At a glance: Haiti

Vaccination Week of the Americas targets 44 countries, including Haiti

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© UNICEF/NYHQ2010-0778/Roger LeMoyne
An elderly woman who has brought her granddaughter to be immunized watches as a visiting vaccinator prepares a vaccine dose for the child, at the health centre in the village of Savane Cabrit, near the town of Ganthier in West Department. A ‘cold box’ behind them keeps vaccines at a constant low temperature to maintain their potency.

PORT-AU-PRINCE, Haiti, 5 May 2010 – Countries in Latin America and the Caribbean are wrapping up the annual Vaccination Week of the Americas, an initiative covering 44 countries and territories in North, Central and South America and the Caribbean. In Haiti alone, an estimated 60,000 children under the age of five were immunized last week. 

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Since it began in 2003, the vaccination week initiative has helped to immunize nearly 300 million people. The effort is a partnership between UNICEF and the Pan American Health Organization (PAHO). It aims to expand and update the vaccination programmes in the region while promoting better communication between countries.

A challenging mission

The World Health Organization (WHO) has made great progress in bringing immunization to the Americas. Endemic measles has been eliminated in the region, with the last case reported in 2002. Polio was eradicated in 1994, and the last case of endemic rubella was reported in 2009. Other vaccine-preventable diseases have decreased significantly in incidence.

UNICEF Image
© UNICEF/NYHQ2010-0779/Roger LeMoyne
A woman carries her toddler daughter, who has just been vaccinated, and the child’s immunization card, at the health centre in the village of Savane Cabrit, near the town of Ganthier in West Department.

Despite such successes, however, health authorities in the region rely on massive vaccination campaigns to reach children who remain unprotected.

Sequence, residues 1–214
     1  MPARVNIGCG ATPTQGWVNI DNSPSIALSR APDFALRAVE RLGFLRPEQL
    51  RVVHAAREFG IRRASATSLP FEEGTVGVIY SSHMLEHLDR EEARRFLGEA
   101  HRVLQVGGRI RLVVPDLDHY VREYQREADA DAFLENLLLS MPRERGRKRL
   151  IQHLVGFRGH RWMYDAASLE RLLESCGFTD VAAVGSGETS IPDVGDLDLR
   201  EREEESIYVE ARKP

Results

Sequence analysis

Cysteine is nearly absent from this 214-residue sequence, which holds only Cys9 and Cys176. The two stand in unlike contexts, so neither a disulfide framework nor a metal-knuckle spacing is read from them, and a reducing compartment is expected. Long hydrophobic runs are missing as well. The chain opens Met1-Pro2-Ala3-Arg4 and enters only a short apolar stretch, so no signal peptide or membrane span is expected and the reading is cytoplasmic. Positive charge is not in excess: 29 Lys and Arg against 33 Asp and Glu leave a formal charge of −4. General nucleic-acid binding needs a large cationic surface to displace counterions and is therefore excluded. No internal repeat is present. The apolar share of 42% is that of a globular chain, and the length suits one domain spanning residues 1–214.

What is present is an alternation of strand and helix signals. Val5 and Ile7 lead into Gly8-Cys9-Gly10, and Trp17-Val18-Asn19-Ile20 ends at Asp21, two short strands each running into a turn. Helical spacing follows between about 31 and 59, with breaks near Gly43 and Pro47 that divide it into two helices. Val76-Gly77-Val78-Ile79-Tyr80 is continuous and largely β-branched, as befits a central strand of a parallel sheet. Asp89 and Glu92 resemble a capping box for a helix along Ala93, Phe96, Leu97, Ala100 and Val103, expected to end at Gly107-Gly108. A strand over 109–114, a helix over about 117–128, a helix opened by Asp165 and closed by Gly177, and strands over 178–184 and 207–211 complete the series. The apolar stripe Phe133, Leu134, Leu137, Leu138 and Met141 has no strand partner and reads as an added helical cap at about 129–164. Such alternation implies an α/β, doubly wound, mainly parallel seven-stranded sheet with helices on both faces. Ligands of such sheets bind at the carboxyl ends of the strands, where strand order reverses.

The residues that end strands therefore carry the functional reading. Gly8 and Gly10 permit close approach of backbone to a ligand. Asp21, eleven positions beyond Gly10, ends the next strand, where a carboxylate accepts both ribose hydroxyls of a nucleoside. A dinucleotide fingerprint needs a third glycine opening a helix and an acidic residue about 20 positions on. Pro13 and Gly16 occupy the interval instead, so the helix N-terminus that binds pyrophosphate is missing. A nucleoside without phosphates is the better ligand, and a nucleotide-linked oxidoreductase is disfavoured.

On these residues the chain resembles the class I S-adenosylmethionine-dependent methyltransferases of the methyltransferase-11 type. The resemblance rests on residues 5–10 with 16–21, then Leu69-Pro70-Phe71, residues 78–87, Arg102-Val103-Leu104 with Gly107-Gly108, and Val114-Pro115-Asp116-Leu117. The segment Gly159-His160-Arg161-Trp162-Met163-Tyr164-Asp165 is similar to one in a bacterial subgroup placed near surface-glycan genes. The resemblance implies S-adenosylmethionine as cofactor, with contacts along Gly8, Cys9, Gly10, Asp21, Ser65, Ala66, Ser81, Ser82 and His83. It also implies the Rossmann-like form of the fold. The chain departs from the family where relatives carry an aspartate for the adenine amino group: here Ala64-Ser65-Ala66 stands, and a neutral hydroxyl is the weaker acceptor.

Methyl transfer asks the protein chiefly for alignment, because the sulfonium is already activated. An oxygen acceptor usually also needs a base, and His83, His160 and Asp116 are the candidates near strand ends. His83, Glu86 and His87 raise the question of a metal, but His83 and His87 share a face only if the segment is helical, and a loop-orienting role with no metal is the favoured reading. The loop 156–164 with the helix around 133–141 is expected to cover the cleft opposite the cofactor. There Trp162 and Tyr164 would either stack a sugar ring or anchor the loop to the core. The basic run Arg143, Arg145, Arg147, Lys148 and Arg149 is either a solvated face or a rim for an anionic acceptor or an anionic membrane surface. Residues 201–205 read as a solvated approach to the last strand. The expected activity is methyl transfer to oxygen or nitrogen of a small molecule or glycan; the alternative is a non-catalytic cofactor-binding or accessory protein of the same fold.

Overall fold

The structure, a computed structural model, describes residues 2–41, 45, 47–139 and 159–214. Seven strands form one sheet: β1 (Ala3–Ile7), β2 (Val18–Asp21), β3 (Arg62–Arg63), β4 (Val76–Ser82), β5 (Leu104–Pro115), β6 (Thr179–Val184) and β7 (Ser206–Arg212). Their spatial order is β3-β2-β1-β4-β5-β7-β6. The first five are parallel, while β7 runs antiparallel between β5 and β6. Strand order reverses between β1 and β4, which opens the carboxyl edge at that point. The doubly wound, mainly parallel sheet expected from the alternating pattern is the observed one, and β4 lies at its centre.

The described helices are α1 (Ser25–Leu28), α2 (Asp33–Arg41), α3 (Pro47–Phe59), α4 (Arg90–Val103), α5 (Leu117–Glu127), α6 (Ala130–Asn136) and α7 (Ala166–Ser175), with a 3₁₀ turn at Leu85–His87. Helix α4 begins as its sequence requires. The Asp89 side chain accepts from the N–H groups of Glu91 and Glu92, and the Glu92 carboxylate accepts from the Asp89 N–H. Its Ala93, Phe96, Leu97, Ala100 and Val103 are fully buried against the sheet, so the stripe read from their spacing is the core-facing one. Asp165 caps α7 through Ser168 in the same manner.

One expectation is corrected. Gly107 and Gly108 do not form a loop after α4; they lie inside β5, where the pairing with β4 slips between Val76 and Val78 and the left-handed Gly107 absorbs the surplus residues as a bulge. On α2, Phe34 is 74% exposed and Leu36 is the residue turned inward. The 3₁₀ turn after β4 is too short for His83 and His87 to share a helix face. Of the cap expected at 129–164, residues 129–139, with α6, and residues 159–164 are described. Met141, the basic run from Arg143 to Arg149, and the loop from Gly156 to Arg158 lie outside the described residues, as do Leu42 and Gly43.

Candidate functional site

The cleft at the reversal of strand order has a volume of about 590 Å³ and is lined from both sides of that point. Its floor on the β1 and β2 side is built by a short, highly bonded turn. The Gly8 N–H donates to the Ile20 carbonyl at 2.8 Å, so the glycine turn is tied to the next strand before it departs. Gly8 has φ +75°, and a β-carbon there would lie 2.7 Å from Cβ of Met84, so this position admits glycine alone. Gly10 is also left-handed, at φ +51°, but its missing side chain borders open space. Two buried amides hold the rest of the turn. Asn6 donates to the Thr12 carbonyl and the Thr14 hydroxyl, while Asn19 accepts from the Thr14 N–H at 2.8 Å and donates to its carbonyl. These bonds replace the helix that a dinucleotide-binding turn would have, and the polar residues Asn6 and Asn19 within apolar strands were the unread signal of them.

Across the Latin American and Caribbean region, many hard-to-reach populations – including indigenous groups and children living in rural areas – have little access to vaccines. UNICEF's Regional Health Advisor for Latin American and the Caribbean, Enrique Paz, said one strategy for immunizing hard-to-reach children is to make vaccines available in adjacent areas.

Other vaccination challenges also face the region. “New vaccines in the region, like H1N1 and pneumococcal [pneumonia]...require a better cold-chain upgrade,” Dr. Paz said, referring to the process of keeping vaccines fresh. “That’s a big challenge.”

Focus on Haiti

Although the vaccination week campaign took place throughout Latin America and the Caribbean, a special focus this year is on Haiti.

UNICEF Image
© UNICEF/NYHQ2010-0777/Roger LeMoyne
A visiting vaccinator prepares to immunize a crying girl, who is being comforted by her mother, at the health centre in the village of Savane Cabrit, near the town of Ganthier in West Department.

Following January’s devastating earthquake, routine immunization efforts were severely affected. Many health facilities were damaged or destroyed, and interruptions to fuel and power supplies have had a major impact on health services – including the cold-chain system that supports the storage and distribution of vaccines. With pre-quake vaccination levels as low as 52 per cent, the campaign is an important opportunity to re-launch routine immunization in many vulnerable areas.

In Haiti, the vaccination drive is being led by the Ministry of Health with the support of UNICEF, WHO and PAHO. Children under five in several Haitian departments will receive vaccinations against polio, diphtheria, tetanus, whooping cough, measles and rubella. 

“Vaccination is the most cost-effective life-saver for children,” said UNICEF Representative in Haiti Françoise Gruloos. “The human cost of not vaccinating a child is immeasurable.”

Ongoing vaccinations

This round of immunizations will supplement a campaign that began in Haiti in February and has already reached more than 220,000 children in several camps for displaced persons.

In addition to regular vaccinations, children will also receive vitamin A supplements and de-worming tablets. Vaccines will be distributed at fixed centres and through outreach teams travelling to the most hard-to-reach communities. A total of 146 groups of vaccinators will work on the campaign. UNICEF is providing vaccines, syringes and other equipment to support the effort.


 

 

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4 May 2010: UNICEF Regional Health Advisor for Latin American and the Caribbean Enrique Paz speaks about Vaccination Week of the Americas.
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